What is Agnes Martin trying to say? If you really want to know you will have to go see for yourself, because rarely does art lose quite so much in a photograph. Even once you are there the Tate Modern retrospective of the American artist demands a certain commitment. As Agnes Martin once said: ‘Beauty is the mystery of life. It is not just in the eye. It is in the mind.’
At first glance the surfaces are plain – beige, grey, muddy yellow – and the titles (I love the whole world is one, another is Happy holiday) seem to mock our instinct to look for clues. But take a moment to slow your breath and much will be revealed in her work’s soft geometry. This is the mellowest company you will keep in a gallery.
The exhibition runs chronologically, from Martin’s initial shapes in muted colours to her signature grids, which she started in the 1960s and stuck to for the rest of her life. For a body of work that is so meditative, Martin’s art also has a distinctly obsessive streak: she used a ruler to create her lines and blocks, always trying to get them straighter, more exact. Many of the grid paintings have tiny repetitive patterns – it is as if you can feel her there, straining to get it just the way she wants it.
Martin’s extreme desire for order on the canvas can possibly be traced back to her schizophrenia, from which she suffered throughout her adult life. Sometimes this struggle can be felt on the canvas, but at other times the same process created results that were nothing short of magical. Friendship is a large-scale canvas covered in gold foil, laid out in bright and deliciously dirty rectangles. It is still subtle, like everything Martin does, but the effect sends a shiver down one’s spine. A grey stone is another wonderful experience: the closely detailed grey surface is gently thrilling.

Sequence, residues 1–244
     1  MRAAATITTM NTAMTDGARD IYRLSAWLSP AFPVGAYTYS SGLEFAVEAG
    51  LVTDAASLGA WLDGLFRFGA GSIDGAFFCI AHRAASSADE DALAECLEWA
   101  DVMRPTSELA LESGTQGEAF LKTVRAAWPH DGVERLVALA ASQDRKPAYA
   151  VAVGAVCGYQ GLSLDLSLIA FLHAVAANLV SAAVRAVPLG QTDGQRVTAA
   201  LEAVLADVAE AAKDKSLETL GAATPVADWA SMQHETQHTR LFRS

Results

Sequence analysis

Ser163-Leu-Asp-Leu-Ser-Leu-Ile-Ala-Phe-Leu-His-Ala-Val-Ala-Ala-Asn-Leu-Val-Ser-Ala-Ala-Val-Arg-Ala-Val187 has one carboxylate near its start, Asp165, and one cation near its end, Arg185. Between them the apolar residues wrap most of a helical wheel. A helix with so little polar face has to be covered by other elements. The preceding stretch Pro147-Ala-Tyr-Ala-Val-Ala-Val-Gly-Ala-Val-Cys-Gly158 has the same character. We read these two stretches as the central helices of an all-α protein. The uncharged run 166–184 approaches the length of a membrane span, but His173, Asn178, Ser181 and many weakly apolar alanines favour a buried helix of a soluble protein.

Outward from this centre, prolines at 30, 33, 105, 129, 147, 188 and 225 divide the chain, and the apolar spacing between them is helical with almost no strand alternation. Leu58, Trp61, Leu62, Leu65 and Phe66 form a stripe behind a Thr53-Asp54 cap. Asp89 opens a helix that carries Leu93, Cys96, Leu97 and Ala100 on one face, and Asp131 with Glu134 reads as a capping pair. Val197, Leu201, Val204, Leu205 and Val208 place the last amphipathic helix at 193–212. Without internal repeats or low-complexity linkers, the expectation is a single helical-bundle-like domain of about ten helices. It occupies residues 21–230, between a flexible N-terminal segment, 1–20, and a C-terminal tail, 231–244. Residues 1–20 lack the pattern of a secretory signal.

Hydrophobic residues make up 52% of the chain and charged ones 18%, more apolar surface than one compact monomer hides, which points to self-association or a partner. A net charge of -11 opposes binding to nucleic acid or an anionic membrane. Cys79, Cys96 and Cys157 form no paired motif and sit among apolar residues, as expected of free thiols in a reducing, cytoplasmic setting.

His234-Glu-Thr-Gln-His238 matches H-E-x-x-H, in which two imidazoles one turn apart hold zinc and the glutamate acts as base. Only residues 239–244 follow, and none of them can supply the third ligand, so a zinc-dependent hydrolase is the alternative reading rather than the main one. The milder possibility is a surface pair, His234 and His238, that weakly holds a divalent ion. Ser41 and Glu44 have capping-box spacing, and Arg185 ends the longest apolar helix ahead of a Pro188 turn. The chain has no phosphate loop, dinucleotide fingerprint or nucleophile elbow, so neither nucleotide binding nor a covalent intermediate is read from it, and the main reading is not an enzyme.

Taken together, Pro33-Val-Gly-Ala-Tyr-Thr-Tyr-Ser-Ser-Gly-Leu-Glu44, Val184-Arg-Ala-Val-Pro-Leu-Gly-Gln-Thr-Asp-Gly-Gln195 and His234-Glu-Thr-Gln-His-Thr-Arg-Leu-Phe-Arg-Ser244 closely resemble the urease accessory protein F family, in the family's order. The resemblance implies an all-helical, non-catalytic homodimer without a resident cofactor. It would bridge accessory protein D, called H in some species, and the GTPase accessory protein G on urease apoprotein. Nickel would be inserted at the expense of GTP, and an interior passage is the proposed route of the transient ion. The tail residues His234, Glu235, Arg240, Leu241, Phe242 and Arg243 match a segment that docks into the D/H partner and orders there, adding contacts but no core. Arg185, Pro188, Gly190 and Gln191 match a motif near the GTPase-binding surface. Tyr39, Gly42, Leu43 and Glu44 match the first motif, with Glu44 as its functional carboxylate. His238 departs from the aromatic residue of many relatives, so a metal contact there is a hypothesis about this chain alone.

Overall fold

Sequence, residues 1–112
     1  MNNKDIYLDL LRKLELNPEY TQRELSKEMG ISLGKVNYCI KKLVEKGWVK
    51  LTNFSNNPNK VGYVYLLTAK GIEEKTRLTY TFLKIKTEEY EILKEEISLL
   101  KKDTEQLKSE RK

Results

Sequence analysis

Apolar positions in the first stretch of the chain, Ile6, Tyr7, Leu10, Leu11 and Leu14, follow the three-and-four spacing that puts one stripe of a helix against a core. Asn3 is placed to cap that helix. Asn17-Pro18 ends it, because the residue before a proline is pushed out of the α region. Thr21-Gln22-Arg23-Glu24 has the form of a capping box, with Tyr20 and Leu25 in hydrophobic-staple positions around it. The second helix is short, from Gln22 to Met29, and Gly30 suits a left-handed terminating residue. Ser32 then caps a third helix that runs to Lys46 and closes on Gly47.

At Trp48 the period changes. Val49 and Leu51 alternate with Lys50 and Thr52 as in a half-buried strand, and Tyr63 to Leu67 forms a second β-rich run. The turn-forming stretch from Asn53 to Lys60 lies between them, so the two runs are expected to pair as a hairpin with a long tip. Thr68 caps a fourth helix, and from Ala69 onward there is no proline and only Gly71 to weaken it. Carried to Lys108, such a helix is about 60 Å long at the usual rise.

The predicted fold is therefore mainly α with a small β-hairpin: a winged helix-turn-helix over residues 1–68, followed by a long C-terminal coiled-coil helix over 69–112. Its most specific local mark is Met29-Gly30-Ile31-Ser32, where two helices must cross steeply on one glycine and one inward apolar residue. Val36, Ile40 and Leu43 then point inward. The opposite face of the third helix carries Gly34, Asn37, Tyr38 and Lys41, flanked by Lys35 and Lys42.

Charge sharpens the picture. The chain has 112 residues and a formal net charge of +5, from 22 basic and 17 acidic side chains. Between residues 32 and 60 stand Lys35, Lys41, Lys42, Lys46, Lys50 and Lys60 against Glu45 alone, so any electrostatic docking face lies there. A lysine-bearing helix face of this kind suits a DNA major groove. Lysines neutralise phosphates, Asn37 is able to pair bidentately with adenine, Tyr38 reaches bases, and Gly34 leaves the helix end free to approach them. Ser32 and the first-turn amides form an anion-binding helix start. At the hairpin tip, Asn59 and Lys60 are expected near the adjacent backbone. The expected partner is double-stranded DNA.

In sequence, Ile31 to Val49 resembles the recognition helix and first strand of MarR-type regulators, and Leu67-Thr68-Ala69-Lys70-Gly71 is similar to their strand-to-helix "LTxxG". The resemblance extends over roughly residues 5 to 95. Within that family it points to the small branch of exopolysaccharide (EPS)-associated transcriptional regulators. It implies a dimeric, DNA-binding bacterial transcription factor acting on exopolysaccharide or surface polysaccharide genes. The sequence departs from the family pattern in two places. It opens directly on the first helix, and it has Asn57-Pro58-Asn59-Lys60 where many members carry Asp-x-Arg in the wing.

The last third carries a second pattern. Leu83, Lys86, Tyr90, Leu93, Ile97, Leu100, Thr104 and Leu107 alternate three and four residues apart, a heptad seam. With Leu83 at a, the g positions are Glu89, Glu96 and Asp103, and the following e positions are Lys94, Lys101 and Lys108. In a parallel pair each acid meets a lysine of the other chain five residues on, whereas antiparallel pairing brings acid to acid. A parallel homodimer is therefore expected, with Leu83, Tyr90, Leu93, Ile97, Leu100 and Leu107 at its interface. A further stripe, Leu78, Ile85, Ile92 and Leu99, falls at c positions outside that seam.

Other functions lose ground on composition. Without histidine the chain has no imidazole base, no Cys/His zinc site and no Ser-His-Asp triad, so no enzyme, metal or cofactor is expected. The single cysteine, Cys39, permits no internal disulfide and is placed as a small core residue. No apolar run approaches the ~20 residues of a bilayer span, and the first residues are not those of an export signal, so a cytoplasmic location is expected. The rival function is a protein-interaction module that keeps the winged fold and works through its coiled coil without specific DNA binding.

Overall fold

More blocks of would-be dull colours follow in the next room, then a whole section of graphite grey. Eventually her obsession turns into a sort of worship, in a series called The Islands. These canvases are all white, over and over, surrounding you, and the effect is nothing short of elating. The paintings glow on the slightly darkened walls, and it feels like the problem Martin has been working so hard on has finally reached some sort of resolution. The answer, it feels like she is saying, is in the light.
Martin’s journey brings to mind another Tate Modern retrospective: Mark Rothko’s from 2008–09. But while Martin’s journey of simplification culminates in bright white, Rothko ventured in the opposite direction: his exhibition moved through colour towards a room of intense black canvases. What both shows have in common is a feeling of reaching answers to inner turmoil. ‘We favor the simple expression of the complex thought’, Rothko wrote in his New York Times manifesto, co-signed by Adolph Gottlieb. ‘We wish to reassert the picture plane. We are for flat forms because they destroy illusion and reveal truth.’
Rothko’s personal journey ended differently than Martin’s: he committed suicide at 66, while Martin kept painting into old age, passing away of natural causes in 2004, at the age of 92. In both retrospectives, Tate presented one additional room after their singular colour series. Rothko reintroduced light: subtle panes of silvery grey started creeping into his black canvases. Martin broke with her typically strict geometry in favour of bold blocks of purple, defiant lines of red, cheeky tips of acidic yellow. It is still precise and exact, but it feels less obsessed and more playful. It feels like the work of someone with nothing to prove and nothing to lose.
Agnes Martin is at Tate Modern, London, until 11 October.
Rothko colours in the US east coast (Louise Nicholson)